You may feel that February is the month of roses, soft music, gifts of twinkling jewelry, and all things romantic, but I think of it as the month of chocolate love. There’s nothing wrong with all that other stuff, but chocolate always makes me melt. I particularly adore chocolate at the end of a meal. This affection for chocolate desserts goes back to the days before I could even imagine being able to make such a thing, in fact, before I could pull off anything but the occasional tuna fish sandwich. You see, I came into my marriage with that single ‘culinary’ skill. My mother-in-law, on the other hand, had once cooked for the Queen of England. Ahem. Talk about a challenge. The problem was that I hated cooking.
Lucky for me, I wasn’t alone. I found a cookbook that seemed to have been written for me. The late, great humorist Peg Bracken saved my bacon and possibly my marriage. I fell upon her cheating-in-the-kitchen masterpiece The I Hate to Cook Book, a small but hilarious paperback with fast and easy recipes that could fool some of the people some of the time. I was able to laugh my head off while suffering in the kitchen. Many of the recipes are dated now, but I can still fool some of those same people with variations on the originals. I credit Peg Bracken with letting me fall in love with cooking. The original books have fallen apart over the years, but I still snatch up copies at library and book sales any chance I get.
But back to my story: one of the recipes in The Appendix to the I Hate to Cook Book (yes really) is something called pot-de-chocolat, a rich confection of chocolate, cream, and rum. It was pretty snazzy when I served that after a dinner party back in the day. No one knew it had taken about two minutes to make. I sure didn’t tell them.
In a recent New York Times Magazine, Amanda Hesser did a ‘Recipes Redux’ piece on the chocolate rum mousse, giving a recipe The Times had run in 1966 when rum and chocolate desserts were new and French terms boosted a cook’s status. I prefer Peg’s recipe. I have updated the original by using dark chocolate chips instead of milk chocolate. It’s very easy. I imagine even on of my hopeless protagonists could make it. With a bit of luck. Here goes:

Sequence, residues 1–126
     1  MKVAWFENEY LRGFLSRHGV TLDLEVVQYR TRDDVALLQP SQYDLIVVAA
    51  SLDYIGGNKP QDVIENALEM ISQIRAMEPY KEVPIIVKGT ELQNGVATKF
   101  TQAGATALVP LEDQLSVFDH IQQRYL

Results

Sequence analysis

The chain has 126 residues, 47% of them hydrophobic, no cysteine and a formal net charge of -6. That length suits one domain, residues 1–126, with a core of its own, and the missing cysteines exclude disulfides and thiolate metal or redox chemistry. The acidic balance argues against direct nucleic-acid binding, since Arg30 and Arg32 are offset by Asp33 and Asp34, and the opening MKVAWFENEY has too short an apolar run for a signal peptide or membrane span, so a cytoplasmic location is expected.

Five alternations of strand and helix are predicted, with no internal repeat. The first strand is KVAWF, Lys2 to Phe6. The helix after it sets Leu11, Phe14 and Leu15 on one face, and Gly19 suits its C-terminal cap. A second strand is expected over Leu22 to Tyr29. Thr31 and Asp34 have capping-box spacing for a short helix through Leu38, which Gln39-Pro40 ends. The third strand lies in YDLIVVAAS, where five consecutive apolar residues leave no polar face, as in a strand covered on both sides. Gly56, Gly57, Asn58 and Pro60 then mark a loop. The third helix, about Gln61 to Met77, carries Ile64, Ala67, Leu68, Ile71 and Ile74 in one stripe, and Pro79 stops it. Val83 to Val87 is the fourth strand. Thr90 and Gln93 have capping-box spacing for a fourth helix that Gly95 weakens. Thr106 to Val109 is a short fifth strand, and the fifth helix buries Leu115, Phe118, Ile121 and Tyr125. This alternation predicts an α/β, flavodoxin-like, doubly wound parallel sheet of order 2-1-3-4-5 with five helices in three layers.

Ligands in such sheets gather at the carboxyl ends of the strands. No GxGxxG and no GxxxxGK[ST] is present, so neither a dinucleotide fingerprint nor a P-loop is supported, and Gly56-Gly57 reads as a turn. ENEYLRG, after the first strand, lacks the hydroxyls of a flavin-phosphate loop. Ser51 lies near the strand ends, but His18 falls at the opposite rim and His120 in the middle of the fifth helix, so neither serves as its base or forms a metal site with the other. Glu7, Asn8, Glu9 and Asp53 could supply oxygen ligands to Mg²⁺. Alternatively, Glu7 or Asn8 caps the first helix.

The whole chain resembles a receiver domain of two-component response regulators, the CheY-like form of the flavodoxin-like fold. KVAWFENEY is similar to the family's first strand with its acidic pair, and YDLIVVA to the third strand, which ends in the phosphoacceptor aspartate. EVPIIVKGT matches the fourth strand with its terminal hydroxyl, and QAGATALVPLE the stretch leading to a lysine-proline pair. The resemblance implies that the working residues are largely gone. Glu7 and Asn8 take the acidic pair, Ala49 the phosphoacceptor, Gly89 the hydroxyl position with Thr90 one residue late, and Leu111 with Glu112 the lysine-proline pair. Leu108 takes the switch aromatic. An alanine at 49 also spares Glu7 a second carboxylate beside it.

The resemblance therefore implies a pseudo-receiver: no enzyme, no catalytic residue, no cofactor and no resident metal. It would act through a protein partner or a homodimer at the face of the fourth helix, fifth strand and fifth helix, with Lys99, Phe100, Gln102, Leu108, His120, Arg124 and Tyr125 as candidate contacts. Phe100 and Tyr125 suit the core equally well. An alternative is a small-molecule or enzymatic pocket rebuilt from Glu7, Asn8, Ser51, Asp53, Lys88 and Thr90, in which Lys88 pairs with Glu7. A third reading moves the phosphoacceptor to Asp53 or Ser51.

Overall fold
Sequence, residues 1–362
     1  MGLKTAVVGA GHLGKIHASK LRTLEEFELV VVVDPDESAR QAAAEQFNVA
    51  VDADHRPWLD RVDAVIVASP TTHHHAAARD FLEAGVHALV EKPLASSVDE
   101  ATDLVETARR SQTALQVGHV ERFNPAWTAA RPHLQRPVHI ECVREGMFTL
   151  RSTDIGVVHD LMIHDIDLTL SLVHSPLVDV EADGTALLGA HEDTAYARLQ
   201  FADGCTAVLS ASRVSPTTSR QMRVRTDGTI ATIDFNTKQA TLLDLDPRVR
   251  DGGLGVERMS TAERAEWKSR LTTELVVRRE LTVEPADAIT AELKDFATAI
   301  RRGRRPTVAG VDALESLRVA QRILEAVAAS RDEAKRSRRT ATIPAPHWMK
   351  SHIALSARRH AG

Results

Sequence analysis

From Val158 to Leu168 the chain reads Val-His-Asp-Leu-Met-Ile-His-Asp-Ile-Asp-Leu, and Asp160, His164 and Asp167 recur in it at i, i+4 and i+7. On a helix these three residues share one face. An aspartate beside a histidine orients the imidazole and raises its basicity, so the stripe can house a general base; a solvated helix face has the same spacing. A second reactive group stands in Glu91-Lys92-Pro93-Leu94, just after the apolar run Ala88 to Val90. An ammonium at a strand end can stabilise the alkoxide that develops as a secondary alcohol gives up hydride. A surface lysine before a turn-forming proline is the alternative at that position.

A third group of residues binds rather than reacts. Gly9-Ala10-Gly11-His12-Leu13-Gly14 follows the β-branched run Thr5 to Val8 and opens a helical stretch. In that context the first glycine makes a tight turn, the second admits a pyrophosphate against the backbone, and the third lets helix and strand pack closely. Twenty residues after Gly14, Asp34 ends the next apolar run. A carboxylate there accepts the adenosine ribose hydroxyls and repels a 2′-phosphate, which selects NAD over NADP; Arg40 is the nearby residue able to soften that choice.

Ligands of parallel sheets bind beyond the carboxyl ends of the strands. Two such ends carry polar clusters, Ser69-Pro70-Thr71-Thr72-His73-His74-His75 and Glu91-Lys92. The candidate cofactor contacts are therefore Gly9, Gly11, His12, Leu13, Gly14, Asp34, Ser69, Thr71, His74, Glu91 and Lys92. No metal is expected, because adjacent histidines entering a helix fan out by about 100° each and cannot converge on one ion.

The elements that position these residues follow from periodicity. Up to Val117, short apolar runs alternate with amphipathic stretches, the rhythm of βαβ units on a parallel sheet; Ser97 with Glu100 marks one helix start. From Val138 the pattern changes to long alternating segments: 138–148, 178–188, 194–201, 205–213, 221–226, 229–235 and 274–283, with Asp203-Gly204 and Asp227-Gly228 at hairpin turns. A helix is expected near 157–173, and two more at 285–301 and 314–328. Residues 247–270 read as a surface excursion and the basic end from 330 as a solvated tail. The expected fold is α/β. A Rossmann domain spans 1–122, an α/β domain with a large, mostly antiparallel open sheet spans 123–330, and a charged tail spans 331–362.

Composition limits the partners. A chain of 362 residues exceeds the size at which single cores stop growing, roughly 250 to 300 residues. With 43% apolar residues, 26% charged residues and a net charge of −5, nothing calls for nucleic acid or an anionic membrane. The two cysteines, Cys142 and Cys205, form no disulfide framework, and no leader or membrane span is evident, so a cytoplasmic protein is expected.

Pot-de-chocolat (6- 8 servings)
Into your blender bowl put:
1 cup of dark chocolate chips. (I used Hersey’s Chipits Special Dark, but this is me, so there are no rules)
1 ¼ cups scalded* 18 % cream. (I suppose you could fool around with the percentage of cream, but I haven’t yet)
2 egg yolks
3 tablespoons of rum (I experimented with Grand Marnier too, but the rum was better)
* Heat until just below boiling
Turn the blender on at high speed ( I don’t have to tell you to put the lid on) and blend until the racket stops. Pour it into small pretty cups – Japanese tea cups or demi-tasse. It also looks great in small liqueur glasses – all will be pretty on your table or a buffet as well.
Keep the serving dishes small because it’s rich! I even used shooters too just to see how that would turn out. It worked so well we ate those before we got to our party. Oh well.
Don’t forget to chill the desserts for at least three hours. Feel free to fancy them up with a bit of whipped cream or a raspberry or two, but I like them this way. The only decoration I use is a spoon.
May I suggest that if you are all cozied up with someone you love on February 14th, that this will make a nice contribution to the mood. If the someone is a dog or cat, you’ll have to eat the pot-de-chocolat yourself (not good for them!) and hand out dogs treats or fish snacks, whatever. But those will be the subject for another post.
Until then, thank you, Peg Bracken, for laughter, coping skills and some tasty tricks!